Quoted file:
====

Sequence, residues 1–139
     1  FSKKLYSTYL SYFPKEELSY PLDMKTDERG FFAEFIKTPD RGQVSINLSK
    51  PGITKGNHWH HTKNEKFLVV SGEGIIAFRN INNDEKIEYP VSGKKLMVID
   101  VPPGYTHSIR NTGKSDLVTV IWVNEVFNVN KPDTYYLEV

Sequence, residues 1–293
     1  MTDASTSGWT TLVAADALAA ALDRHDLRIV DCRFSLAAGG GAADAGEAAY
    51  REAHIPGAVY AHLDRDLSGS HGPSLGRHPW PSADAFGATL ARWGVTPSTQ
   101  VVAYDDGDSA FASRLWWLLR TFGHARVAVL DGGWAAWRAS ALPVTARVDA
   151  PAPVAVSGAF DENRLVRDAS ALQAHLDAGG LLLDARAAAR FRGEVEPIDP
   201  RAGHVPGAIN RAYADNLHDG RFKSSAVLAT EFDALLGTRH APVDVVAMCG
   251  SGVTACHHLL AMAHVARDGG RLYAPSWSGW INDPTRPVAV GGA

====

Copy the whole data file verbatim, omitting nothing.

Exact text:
Sequence, residues 1–139
     1  FSKKLYSTYL SYFPKEELSY PLDMKTDERG FFAEFIKTPD RGQVSINLSK
    51  PGITKGNHWH HTKNEKFLVV SGEGIIAFRN INNDEKIEYP VSGKKLMVID
   101  VPPGYTHSIR NTGKSDLVTV IWVNEVFNVN KPDTYYLEV

Sequence, residues 1–293
     1  MTDASTSGWT TLVAADALAA ALDRHDLRIV DCRFSLAAGG GAADAGEAAY
    51  REAHIPGAVY AHLDRDLSGS HGPSLGRHPW PSADAFGATL ARWGVTPSTQ
   101  VVAYDDGDSA FASRLWWLLR TFGHARVAVL DGGWAAWRAS ALPVTARVDA
   151  PAPVAVSGAF DENRLVRDAS ALQAHLDAGG LLLDARAAAR FRGEVEPIDP
   201  RAGHVPGAIN RAYADNLHDG RFKSSAVLAT EFDALLGTRH APVDVVAMCG
   251  SGVTACHHLL AMAHVARDGG RLYAPSWSGW INDPTRPVAV GGA